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The Life And Music Of Billy Strayhorn

Portrait of Billy Strayhorn, New York, N.Y., between 1946 and 1948.

Portrait of Billy Strayhorn, New York, N.Y., between 1946 and 1948.

William P. Gottlieb/Ira and Leonore S. Gershwin Fund Collection, Music Division, Library of Congress, LC-GLB13-0821 DLC

Jazz musician and composer Billy Strayhorn collaborated closely with Duke Ellington for almost three decades. He composed now famous jazz standards like “Take The ‘A’ Train” and “Lush Life.” But he’s not exactly a household name. 

Strayhorn primarily worked behind the scenes, at least in part because he was openly gay at a time when that was still very taboo — even dangerous.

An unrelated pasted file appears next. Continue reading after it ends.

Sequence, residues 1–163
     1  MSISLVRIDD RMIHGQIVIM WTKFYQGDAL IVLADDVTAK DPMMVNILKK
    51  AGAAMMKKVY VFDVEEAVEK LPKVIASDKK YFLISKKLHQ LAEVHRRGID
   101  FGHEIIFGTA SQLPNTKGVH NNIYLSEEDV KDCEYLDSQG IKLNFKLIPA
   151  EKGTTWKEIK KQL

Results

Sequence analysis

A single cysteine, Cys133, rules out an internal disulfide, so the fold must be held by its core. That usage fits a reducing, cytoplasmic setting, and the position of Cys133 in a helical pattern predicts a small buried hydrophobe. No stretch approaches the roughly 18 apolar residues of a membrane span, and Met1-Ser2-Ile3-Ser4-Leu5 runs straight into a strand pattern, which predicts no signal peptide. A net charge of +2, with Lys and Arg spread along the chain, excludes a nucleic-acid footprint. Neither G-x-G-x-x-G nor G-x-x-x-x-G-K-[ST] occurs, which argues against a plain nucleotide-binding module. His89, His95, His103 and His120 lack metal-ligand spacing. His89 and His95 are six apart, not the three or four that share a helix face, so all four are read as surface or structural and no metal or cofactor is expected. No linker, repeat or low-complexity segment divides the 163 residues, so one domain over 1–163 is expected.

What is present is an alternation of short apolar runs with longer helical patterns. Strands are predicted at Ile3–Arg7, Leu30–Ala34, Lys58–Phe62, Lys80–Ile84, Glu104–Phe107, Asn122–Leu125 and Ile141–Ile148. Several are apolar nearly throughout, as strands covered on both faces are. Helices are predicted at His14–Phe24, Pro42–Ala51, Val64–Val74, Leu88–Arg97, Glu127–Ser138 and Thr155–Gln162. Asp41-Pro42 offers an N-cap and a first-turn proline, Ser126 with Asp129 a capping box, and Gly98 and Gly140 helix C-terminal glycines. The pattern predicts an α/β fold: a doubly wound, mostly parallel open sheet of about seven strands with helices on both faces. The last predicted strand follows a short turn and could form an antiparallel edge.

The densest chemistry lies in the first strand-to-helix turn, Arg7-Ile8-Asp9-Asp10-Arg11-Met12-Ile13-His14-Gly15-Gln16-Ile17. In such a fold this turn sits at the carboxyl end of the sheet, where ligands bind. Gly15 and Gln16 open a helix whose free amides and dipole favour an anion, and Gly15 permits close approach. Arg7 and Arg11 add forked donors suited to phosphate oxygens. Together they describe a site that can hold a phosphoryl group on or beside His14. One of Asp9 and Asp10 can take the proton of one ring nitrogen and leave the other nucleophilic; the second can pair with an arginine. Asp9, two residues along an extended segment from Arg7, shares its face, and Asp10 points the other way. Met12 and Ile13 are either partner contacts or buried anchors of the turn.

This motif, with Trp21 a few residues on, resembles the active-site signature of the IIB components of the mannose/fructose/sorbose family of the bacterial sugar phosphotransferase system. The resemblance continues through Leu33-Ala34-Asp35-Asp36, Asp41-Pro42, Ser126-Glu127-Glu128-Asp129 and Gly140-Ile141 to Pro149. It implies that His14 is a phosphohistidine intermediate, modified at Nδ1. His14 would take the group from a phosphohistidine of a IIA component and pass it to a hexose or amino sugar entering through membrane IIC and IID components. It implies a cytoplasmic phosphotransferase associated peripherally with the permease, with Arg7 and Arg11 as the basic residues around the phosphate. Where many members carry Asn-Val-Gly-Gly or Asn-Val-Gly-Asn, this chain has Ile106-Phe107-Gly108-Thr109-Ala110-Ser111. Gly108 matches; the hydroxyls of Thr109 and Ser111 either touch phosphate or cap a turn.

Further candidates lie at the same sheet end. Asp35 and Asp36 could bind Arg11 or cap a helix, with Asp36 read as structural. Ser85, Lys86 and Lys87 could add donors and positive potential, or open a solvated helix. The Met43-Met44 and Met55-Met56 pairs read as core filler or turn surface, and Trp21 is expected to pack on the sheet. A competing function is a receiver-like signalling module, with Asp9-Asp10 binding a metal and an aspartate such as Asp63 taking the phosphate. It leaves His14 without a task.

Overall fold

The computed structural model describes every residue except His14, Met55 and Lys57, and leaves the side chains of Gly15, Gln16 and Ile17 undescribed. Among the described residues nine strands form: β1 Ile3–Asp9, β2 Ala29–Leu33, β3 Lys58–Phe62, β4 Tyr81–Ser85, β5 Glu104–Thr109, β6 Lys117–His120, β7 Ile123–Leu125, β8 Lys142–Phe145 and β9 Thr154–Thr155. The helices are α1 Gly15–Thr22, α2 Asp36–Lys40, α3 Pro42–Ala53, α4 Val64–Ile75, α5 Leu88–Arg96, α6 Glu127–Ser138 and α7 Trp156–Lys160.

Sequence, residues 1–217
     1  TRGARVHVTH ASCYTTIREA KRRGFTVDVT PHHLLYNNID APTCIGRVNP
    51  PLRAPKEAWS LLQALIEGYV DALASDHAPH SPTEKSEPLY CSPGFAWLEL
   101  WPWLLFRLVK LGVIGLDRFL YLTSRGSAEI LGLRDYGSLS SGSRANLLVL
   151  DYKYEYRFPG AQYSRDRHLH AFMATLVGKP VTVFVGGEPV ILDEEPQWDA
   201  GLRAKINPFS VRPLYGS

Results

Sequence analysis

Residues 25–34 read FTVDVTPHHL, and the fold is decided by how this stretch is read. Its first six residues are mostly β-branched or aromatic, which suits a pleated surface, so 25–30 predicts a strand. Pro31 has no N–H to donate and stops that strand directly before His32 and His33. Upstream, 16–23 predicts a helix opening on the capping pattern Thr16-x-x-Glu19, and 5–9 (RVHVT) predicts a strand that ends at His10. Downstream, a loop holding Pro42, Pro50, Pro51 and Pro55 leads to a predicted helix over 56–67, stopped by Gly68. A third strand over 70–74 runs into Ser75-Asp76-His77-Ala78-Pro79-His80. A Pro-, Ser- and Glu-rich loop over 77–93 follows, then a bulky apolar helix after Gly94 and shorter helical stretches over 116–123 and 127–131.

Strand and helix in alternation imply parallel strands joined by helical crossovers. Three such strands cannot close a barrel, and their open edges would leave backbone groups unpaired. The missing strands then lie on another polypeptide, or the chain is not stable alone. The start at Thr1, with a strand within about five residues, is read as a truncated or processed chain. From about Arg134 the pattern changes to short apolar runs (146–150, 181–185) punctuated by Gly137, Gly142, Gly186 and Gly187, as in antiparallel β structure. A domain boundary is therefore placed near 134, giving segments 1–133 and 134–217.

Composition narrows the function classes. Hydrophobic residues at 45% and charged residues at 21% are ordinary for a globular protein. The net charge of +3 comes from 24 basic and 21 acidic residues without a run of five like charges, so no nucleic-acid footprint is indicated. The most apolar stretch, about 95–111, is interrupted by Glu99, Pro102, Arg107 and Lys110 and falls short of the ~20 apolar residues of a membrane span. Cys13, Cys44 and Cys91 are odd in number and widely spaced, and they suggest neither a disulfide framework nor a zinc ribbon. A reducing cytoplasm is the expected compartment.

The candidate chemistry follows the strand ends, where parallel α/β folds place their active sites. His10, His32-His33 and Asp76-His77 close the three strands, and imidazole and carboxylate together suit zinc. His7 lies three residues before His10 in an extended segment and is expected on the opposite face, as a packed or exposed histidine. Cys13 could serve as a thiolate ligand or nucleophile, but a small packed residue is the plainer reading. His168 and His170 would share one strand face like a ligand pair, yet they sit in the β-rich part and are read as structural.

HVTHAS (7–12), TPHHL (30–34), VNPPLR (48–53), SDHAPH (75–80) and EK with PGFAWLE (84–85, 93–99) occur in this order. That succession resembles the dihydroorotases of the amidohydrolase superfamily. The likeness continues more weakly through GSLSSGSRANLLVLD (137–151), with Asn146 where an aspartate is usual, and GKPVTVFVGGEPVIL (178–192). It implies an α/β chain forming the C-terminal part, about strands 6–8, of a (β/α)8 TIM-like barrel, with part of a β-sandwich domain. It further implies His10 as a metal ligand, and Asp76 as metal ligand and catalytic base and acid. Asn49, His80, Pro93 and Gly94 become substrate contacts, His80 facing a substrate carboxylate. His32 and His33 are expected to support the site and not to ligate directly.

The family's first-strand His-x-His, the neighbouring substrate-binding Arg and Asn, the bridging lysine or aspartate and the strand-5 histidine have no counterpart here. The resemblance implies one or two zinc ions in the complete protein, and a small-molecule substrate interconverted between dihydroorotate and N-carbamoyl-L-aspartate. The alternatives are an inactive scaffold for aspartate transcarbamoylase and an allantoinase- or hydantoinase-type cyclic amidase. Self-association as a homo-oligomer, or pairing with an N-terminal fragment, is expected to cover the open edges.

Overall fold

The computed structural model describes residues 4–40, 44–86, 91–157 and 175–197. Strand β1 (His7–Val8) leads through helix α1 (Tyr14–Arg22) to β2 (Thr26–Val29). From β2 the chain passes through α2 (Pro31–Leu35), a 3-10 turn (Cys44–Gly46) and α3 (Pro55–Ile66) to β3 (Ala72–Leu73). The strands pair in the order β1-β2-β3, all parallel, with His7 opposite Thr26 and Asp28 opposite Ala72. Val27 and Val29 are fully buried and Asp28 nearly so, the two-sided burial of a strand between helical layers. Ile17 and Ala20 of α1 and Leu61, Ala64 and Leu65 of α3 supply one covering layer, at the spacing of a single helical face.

McGill University professor Lisa Barg has written about the intersection of jazz history and queer identity that converged in Strayhorn’s life and career.

Barg is in Portland for a conference at Reed College called “Ellington and Strayhorn: A Celebration.” We’ll talk to her about Billy Strayhorn.


music jazz arts and culture lgbt

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